shopping in the garden

It’s peak vegetable season and the garden is a jungle–in a good way.  I wish I had more time for weeding, harvesting, and processing, especially leisurely weeding, harvesting, and processing.

It is such a treat, though, to go grocery shopping in our garden–to harvest big bags of lettuce, beets, carrots, green beans, kale, chard, basil, zucchini, and more.  We rarely go to the farmers’ market any more, although we could always stand stocking up on local meats, cheese, and fruits.

Over the past few years, I’ve been keeping an eye on our food expenditures.  In The Omnivore’s Dilemma and some of his later books, Michael Pollan writes about how little Americans actually spend on food these days.  In fact, he has a remarkable stat on the inverse relationship between food spending and health care spending.  I’m going to screw up the exact numbers here, but something like 50 years ago, we spent twice as much on food as we did on health care.  Now we spend twice as much on health care as we do on food.  Pollan concludes that if we did spend more money on better and healthier food, we might not need to spend so much on health insurance, medicine, procedures, and the like.

In watching our annual budgets, I’ve noticed that our food bills have barely budged over the last five years.  They have gone up a bit, probably on the order of inflation each year.  But considering that food prices have increased dramatically since around 2008 due to the global economic crisis, more agricultural land being used to produce biofuels, the global land grab (http://socialsciences.cornell.edu/land-theme-project/), and other factors, it’s pretty remarkable that our food bills haven’t gone up significantly.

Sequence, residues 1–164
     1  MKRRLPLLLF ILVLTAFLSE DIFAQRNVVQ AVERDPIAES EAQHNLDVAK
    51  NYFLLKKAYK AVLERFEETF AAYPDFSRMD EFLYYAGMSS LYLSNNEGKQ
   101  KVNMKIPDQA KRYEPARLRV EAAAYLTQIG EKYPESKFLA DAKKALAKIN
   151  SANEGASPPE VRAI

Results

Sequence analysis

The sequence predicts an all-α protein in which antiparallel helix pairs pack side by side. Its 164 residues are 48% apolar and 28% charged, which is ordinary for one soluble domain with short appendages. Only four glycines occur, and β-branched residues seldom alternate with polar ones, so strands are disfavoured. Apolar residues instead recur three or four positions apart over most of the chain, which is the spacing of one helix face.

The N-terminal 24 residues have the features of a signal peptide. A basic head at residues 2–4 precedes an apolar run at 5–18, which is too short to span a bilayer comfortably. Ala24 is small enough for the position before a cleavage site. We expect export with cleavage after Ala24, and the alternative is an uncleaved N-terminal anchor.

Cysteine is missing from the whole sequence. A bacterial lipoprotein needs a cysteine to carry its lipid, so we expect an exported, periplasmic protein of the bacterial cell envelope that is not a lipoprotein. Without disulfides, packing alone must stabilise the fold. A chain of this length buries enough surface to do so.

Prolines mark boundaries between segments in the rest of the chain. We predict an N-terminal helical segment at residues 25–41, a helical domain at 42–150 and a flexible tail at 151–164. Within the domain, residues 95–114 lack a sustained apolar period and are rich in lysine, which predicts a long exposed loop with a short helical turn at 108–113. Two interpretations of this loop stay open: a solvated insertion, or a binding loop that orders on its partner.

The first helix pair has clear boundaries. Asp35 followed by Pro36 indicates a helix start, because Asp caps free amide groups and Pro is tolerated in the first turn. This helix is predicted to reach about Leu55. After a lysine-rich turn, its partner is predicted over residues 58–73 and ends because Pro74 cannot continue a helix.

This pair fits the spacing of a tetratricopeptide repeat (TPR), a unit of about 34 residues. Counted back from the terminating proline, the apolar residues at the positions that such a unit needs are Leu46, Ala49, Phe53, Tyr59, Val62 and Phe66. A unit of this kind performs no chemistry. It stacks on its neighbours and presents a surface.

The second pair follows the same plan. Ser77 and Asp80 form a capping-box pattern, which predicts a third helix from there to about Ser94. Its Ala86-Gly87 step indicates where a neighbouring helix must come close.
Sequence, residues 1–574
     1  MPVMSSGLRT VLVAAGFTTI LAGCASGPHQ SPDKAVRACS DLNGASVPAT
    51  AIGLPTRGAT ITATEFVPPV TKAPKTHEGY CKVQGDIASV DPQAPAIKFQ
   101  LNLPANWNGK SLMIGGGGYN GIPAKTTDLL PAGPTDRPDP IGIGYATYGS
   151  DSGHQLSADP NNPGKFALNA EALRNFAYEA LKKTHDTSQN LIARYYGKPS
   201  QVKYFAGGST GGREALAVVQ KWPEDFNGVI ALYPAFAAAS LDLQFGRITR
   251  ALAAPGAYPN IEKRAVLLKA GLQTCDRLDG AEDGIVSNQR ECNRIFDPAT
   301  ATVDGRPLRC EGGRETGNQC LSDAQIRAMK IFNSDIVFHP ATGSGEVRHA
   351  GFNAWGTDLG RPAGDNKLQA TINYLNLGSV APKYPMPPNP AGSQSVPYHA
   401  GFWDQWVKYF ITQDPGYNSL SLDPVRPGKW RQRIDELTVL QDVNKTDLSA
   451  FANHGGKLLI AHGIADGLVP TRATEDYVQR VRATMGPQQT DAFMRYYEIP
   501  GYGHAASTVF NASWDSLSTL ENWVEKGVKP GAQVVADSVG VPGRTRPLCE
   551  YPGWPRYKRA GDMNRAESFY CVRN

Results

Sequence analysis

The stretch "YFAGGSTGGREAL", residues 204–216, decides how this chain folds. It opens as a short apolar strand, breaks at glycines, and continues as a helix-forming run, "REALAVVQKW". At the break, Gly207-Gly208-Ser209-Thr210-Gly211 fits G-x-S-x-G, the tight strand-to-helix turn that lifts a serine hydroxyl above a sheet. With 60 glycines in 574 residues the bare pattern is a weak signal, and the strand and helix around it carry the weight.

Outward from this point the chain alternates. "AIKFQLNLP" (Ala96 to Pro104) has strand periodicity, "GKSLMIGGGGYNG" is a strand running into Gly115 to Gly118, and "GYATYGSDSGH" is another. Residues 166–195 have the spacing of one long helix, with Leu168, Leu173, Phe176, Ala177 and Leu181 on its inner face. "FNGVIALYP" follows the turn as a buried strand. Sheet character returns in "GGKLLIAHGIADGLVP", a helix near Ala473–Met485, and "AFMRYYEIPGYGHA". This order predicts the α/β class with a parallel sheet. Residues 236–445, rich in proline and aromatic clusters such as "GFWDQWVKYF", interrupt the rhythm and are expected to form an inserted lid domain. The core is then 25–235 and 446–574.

A major contributor is a big garden–first two plots at the community garden and then a big garden (48′ by 48′) on The Land beginning in 2011.  We now produce more fresh produce than we can possibly eat between late spring and late fall.  That means garden processing: freezing, canning, pickling, drying.  Our savings have therefore become year-round: we buy little fresh produce except between December and May, and even then we rely primarily on frozen green beans, chard, and kale; potatoes that generally keep until around Valentine’s day; garlic, which, if properly dried, can keep for more than a year; and carrots that are good in the fridge for several months.  We also tap into reserves of spaghetti sauce, salsa, chile sauce (homemade ketchup), several kinds of pickles and chutneys, and jam (all of which we can) and many bags of pesto (which we freeze).

Financial savings is part of the point, but it’s also growing organic food and being less dependent on corporate, industrial agriculture.  In short, it’s about food politics.

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